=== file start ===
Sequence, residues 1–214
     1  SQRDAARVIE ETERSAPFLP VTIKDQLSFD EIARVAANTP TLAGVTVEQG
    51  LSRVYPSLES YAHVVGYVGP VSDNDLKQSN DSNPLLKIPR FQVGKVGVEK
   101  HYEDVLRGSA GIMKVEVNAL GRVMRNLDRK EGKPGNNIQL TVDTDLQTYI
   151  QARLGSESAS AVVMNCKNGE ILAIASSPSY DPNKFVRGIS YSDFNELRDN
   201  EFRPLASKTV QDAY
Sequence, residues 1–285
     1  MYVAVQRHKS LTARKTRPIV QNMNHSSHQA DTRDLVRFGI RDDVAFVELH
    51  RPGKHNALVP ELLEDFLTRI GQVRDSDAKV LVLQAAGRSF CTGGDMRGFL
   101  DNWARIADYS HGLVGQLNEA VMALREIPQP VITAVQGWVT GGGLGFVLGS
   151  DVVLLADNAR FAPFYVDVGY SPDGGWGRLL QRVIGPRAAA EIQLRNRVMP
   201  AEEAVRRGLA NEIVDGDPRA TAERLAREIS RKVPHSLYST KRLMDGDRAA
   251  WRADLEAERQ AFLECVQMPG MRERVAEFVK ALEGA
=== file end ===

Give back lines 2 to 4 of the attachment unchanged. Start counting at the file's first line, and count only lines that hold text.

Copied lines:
     1  SQRDAARVIE ETERSAPFLP VTIKDQLSFD EIARVAANTP TLAGVTVEQG
    51  LSRVYPSLES YAHVVGYVGP VSDNDLKQSN DSNPLLKIPR FQVGKVGVEK
   101  HYEDVLRGSA GIMKVEVNAL GRVMRNLDRK EGKPGNNIQL TVDTDLQTYI